Definition of "Green lumber"

Stephanie  Schaeppi  real estate agent
Stephanie Schaeppi , Real Estate Agent Hegg, REALTORS

Green lumber is not necessarily a lumber that’s green; though it might, sometimes, be a little greenish. And it’s also not a definition of an environmentally conscious type of wood.

Ok, what’s the best green lumber definition, then?

Let’s say that green lumber is wood that had not had the adequate time to dry and be seasoned. That kind of wood is not good for Real Estate, so you might hear a contractor say “That’s green lumber; we can’t use it”. And the reason why it’s no good is because green lumber can warp with time – not to mention that is much more difficult to work with. Cutting and nailing a green lumber is basically a waste of time and energy.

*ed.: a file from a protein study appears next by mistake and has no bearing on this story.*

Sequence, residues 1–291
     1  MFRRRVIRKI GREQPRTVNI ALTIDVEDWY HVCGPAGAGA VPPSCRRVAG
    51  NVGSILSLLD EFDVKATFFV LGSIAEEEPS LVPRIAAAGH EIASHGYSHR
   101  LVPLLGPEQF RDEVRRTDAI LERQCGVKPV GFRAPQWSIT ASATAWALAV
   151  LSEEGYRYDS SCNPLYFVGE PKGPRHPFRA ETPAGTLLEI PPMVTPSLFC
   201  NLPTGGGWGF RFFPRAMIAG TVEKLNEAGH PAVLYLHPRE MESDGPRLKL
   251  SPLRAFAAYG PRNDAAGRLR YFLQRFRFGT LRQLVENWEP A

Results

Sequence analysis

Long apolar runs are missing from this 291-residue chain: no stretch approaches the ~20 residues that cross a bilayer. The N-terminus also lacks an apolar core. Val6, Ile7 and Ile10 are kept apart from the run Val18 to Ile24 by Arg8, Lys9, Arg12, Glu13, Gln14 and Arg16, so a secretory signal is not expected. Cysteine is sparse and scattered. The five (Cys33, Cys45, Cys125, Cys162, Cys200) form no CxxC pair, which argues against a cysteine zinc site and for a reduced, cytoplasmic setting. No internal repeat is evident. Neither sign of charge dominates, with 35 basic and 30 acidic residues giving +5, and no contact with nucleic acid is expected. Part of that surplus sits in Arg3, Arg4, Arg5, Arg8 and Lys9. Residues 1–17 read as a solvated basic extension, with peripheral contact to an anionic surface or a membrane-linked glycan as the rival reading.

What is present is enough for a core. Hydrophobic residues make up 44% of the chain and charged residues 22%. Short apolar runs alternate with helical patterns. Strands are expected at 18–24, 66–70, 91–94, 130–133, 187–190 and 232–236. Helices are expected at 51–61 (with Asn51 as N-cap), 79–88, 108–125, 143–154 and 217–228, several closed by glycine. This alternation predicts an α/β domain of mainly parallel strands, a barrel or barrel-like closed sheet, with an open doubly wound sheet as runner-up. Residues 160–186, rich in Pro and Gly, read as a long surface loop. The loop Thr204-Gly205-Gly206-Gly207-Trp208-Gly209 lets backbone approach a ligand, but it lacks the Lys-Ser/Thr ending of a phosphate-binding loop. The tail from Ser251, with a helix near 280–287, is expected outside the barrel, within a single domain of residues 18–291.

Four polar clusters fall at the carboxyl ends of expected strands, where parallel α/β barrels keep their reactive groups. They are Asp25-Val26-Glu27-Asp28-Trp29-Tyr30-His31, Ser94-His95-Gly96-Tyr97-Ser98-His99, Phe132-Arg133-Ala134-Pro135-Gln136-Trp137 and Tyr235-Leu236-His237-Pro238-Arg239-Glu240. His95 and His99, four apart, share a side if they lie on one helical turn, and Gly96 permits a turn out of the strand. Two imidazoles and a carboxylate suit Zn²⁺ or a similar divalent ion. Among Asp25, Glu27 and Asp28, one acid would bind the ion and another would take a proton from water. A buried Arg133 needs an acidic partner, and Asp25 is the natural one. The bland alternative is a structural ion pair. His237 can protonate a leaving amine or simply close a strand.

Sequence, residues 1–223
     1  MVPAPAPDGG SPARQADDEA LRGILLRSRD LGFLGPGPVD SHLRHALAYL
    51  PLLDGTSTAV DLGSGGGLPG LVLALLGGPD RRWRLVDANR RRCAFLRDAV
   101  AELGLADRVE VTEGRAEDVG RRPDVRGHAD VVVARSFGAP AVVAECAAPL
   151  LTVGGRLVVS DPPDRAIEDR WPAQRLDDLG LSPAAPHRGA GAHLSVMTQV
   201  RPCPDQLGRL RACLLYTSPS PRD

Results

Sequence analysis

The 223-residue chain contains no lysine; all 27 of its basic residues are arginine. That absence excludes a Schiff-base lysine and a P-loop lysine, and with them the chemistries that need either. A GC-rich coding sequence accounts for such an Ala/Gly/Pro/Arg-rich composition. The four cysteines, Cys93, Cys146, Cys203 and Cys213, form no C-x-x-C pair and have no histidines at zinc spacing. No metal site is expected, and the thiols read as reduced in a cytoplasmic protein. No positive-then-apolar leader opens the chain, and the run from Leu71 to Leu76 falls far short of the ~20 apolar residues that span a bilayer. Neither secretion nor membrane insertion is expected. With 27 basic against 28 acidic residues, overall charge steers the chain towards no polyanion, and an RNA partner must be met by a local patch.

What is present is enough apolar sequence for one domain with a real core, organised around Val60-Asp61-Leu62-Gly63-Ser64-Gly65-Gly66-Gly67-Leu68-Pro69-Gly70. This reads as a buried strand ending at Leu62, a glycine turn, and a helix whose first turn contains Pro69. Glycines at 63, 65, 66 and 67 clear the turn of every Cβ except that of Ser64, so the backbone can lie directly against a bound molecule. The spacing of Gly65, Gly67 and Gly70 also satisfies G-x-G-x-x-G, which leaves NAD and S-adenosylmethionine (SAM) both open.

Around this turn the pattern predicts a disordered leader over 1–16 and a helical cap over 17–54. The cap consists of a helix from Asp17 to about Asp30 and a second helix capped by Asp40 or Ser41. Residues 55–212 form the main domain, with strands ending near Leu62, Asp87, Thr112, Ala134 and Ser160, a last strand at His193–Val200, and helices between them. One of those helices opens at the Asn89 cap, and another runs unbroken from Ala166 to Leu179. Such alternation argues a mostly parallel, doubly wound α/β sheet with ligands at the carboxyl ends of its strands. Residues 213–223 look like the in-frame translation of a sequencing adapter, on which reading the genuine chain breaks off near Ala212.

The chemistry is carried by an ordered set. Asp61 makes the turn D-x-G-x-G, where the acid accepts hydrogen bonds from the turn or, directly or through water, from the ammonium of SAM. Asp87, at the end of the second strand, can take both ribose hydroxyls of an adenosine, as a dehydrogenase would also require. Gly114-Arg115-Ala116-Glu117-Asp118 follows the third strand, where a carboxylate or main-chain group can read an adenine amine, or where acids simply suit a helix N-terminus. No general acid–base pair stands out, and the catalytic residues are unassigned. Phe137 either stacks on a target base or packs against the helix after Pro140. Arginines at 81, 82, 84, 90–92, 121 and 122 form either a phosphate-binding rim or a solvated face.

Some people call it wet lumber, but the term is not 100% correct because a wet/moist lumber is not necessarily a green lumber and it can be used in construction.

However, because the environment changes materials, green lumber is sometimes used in arid regions of the United States like Arizona and California. The thinking behind it is that (i) green lumber is cheaper and (ii) because the lumber dries and comes of age faster over there, once they get transported they will quickly reach a fine point for construction.

Because of floods, wood can revert to flood, so home inspectors and flood insurance companies typically look for green lumber on houses to assess risks.


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